Esports Success – Structure over Content
This may come off as a little bizarre, but I recently snuck down the rabbit hole of lesser-known esports leagues. It happened quite innocently. In a flash, I transitioned from watching MSI to watching obscure Evolve tournament footage and the World of Warcraft Mythic Dungeon Invitational. Having played both games, I found myself incredibly bored by the footage which was presented to me and that felt quite odd.
Why couldn’t I enjoy the professional performances put on display? When it comes to Esports, the league infrastructure matters much more than the game itself. That’s not to say that content isn’t important, only that it’s only appreciated as much as the structure allows. If you’ve got a fantastic game and a terrible league, you’re going to have a bad time.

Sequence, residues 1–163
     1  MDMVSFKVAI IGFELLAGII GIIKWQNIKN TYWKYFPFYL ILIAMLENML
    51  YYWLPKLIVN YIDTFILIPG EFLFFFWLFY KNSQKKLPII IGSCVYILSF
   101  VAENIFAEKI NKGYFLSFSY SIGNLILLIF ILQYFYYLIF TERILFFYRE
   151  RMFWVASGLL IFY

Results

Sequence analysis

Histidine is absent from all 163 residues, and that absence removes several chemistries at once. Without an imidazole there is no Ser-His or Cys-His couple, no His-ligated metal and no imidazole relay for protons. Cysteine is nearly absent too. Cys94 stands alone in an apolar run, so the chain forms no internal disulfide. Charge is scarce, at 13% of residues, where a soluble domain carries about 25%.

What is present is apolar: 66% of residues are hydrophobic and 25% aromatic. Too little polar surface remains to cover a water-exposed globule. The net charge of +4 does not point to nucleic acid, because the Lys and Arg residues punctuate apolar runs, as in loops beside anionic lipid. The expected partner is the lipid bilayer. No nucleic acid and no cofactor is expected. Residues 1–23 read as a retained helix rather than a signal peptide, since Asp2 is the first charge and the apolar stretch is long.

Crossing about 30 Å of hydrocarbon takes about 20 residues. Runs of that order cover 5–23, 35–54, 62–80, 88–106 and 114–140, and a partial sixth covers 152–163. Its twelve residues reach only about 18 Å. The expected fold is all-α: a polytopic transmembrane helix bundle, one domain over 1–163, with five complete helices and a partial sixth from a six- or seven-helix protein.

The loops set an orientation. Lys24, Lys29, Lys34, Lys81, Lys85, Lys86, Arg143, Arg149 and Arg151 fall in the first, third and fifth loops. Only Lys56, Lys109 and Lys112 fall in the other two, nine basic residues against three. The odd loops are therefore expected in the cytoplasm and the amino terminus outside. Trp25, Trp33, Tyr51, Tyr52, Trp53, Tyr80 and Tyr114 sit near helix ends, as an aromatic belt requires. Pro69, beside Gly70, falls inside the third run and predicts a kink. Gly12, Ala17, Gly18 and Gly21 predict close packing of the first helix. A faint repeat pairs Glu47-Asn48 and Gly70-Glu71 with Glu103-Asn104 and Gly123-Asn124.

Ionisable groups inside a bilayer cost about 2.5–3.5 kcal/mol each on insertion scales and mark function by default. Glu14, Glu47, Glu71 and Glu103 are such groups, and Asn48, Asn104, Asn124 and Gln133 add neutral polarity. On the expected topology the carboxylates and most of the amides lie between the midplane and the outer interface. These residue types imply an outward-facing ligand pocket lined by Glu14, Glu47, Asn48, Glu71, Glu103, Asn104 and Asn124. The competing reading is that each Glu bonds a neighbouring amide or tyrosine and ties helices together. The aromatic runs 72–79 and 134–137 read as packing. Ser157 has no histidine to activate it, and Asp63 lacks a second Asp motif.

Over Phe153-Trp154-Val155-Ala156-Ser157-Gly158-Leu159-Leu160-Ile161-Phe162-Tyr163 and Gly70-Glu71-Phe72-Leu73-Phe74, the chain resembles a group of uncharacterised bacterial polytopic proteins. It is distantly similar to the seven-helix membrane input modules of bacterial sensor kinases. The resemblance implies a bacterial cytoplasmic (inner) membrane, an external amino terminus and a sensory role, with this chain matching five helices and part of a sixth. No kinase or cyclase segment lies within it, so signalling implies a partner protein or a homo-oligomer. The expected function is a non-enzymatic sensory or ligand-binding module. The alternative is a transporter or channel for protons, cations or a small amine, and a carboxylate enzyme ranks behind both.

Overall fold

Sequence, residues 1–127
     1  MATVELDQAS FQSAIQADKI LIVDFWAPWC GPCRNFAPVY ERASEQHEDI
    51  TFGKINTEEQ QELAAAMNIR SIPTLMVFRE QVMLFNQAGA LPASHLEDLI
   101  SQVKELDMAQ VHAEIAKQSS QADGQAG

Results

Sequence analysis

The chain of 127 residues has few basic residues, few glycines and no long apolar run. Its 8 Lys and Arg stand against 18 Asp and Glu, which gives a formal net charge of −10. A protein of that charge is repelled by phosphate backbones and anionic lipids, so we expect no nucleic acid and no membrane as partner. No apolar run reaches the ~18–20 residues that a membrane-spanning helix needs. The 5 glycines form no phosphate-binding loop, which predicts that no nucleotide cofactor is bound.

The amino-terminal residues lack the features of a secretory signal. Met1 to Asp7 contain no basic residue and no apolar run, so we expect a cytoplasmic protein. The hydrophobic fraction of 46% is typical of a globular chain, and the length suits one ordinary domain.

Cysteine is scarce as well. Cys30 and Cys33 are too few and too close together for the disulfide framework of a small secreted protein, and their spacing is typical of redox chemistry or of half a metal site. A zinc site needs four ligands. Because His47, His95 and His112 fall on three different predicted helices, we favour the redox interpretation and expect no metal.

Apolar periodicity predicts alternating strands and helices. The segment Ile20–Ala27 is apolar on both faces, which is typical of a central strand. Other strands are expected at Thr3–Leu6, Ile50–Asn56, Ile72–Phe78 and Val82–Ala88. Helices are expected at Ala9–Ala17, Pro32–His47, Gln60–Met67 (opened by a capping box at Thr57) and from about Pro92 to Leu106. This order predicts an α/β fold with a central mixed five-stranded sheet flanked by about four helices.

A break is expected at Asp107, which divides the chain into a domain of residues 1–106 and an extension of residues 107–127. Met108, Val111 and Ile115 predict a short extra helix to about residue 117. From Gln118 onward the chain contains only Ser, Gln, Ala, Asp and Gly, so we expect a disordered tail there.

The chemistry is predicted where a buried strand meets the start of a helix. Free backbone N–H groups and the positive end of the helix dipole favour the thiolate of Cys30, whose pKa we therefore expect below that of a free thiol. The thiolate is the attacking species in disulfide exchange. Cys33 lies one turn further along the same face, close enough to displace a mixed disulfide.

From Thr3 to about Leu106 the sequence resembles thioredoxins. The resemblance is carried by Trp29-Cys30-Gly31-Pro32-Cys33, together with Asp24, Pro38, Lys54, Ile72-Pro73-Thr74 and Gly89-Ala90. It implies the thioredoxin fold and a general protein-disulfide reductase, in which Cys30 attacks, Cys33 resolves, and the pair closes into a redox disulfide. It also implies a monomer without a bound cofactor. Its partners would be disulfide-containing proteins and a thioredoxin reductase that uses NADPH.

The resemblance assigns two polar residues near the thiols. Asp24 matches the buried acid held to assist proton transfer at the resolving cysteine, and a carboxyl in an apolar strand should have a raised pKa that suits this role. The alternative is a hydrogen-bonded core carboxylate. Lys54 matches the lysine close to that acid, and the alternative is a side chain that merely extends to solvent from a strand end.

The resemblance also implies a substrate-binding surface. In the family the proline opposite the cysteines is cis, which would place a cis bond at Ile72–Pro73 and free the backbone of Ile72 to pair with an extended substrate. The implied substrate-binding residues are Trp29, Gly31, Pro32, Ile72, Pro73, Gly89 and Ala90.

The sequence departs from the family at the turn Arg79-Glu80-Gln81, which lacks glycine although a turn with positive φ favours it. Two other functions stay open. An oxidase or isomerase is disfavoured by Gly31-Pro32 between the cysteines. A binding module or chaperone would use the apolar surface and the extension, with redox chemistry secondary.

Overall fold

Evolve and its Ambition
Evolve first introduced an observer mode in March 2015, attempting to ramp up towards esports showings. Many were skeptical about how the game would translate to a competitive setting, and whether it would be satisfying to watch. What fans of the game got was a tournament at PAX East 2015. While the teams performed well, there was something ‘off’ about the whole tournament that merits examination.